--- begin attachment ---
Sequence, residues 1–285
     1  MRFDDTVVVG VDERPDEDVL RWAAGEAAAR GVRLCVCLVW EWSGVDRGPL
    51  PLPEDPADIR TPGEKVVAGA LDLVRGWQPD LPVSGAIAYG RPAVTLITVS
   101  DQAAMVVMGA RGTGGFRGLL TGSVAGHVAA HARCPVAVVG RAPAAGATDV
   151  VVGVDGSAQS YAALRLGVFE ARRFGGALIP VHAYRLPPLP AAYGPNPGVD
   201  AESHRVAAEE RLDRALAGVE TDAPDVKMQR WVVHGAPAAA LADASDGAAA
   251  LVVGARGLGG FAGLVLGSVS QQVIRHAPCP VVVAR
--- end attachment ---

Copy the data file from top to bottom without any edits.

Sequence, residues 1–285
     1  MRFDDTVVVG VDERPDEDVL RWAAGEAAAR GVRLCVCLVW EWSGVDRGPL
    51  PLPEDPADIR TPGEKVVAGA LDLVRGWQPD LPVSGAIAYG RPAVTLITVS
   101  DQAAMVVMGA RGTGGFRGLL TGSVAGHVAA HARCPVAVVG RAPAAGATDV
   151  VVGVDGSAQS YAALRLGVFE ARRFGGALIP VHAYRLPPLP AAYGPNPGVD
   201  AESHRVAAEE RLDRALAGVE TDAPDVKMQR WVVHGAPAAA LADASDGAAA
   251  LVVGARGLGG FAGLVLGSVS QQVIRHAPCP VVVAR